SQL technique: subqueries
Sometimes you don’t have enough information available when you design a query to determine which rows you want. In this case, you’ll have to find the required information with a subquery.
Example: Find the name of customers who live in the same zip code area as Wayne Dick. We might start writing this query as we would any of the ones that we have already done:
SELECT cFirstName, cLastName FROM customers WHERE cZipCode = ???
SELECT cZipCode FROM Customers WHERE cFirstName = 'Wayne' AND cLastName = 'Dick';
SELECT cFirstName, cLastName, cZipCode FROM customers WHERE cZipCode = (SELECT cZipCode FROM customers WHERE cFirstName = 'Wayne' AND cLastName = 'Dick');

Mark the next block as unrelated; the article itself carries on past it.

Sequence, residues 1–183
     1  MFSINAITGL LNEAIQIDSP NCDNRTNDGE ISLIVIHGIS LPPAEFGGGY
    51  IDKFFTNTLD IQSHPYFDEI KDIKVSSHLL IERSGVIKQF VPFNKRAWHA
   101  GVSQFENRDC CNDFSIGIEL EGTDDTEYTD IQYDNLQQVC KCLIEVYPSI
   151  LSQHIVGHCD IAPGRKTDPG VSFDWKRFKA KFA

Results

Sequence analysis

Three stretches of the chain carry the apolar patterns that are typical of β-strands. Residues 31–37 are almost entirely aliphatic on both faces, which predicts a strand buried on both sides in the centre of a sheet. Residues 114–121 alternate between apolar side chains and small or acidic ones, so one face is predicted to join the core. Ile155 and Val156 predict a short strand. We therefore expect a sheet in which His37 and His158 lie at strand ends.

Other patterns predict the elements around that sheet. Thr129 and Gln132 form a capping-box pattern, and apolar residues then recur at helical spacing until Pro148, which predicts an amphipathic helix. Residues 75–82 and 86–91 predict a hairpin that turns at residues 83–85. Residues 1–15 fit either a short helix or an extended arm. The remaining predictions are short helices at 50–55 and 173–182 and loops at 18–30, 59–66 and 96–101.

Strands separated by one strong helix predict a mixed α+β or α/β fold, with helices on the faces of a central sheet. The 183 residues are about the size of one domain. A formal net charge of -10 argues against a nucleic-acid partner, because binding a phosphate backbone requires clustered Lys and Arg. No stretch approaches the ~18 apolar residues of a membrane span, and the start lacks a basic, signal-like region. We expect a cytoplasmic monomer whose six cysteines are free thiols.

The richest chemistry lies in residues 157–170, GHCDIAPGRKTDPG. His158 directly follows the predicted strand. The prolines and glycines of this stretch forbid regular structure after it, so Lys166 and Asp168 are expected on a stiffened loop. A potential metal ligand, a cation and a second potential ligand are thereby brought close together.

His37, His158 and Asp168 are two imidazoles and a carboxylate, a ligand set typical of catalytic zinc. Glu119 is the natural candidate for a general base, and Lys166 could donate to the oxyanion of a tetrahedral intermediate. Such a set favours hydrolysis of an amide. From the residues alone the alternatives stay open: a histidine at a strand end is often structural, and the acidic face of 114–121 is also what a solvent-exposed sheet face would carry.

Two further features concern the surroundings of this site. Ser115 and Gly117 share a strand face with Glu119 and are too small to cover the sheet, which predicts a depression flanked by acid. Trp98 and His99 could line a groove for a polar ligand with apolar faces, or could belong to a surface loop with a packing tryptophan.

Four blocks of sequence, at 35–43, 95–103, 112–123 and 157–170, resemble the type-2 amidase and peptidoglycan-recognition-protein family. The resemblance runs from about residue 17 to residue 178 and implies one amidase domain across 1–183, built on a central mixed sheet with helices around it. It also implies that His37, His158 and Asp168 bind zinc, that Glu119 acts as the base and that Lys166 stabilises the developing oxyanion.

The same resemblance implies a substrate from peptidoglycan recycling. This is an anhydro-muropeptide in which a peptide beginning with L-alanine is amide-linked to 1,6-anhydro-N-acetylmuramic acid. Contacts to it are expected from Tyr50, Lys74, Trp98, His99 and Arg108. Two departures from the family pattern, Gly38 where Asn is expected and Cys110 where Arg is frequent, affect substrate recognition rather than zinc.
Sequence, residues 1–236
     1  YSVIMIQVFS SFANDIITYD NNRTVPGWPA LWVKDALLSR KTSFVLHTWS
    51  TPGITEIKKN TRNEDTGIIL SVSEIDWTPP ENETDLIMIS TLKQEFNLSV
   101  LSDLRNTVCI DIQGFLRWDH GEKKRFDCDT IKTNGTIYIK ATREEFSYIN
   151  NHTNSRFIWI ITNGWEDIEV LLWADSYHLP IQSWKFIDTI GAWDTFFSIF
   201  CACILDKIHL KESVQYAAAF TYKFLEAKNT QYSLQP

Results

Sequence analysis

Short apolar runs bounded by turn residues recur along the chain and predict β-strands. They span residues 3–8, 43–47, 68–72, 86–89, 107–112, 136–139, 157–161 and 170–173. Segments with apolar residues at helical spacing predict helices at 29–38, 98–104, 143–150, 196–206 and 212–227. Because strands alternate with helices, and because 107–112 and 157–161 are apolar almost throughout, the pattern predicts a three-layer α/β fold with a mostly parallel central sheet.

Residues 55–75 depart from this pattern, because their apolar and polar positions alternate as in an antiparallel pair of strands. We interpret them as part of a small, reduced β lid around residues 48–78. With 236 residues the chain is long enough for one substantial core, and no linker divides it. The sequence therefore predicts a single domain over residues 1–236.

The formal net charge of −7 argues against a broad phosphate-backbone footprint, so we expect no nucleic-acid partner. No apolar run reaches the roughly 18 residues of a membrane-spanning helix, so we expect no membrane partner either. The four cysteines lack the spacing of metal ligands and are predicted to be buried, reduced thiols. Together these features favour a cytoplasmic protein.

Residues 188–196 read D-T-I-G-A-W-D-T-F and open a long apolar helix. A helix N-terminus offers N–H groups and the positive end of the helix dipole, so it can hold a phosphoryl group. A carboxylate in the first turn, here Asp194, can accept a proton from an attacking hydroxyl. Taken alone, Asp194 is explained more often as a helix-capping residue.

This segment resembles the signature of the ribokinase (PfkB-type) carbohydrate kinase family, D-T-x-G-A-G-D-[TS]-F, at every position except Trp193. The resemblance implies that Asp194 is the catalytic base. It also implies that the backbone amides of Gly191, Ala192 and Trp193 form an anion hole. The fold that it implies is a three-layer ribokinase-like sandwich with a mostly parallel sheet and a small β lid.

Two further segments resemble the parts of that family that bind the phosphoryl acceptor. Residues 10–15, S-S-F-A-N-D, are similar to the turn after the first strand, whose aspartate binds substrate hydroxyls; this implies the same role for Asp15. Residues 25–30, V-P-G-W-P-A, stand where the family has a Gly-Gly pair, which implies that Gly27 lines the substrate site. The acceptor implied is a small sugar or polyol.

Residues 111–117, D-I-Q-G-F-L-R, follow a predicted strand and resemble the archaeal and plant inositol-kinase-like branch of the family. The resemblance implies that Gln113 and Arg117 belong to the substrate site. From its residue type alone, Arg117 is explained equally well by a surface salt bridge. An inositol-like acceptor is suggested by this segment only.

A subquery that returns only one column and one row can be used any time that we need a single value. Another example would be to find the product name and sale price of all products whose unit sale price is greater than the average of all products. We can see that the DISTINCT keyword is needed, since the SELECT attributes are not a super key of the result set:
SELECT DISTINCT prodName, unitSalePrice FROM Products NATURAL JOIN OrderLines WHERE unitSalePrice > the average unit sale price
SELECT AVG(unitSalePrice) FROM OrderLines;
SELECT DISTINCT prodName, unitSalePrice FROM Products NATURAL JOIN OrderLines WHERE unitSalePrice > (SELECT AVG(unitSalePrice) FROM OrderLines);
|Hammer, framing, 20 oz.||11.95|
|Saw, crosscut, 10 tpi||21.25|
Subqueries can also be used when we need more than a single value as part of a larger query. We’ll see examples of these in later pages.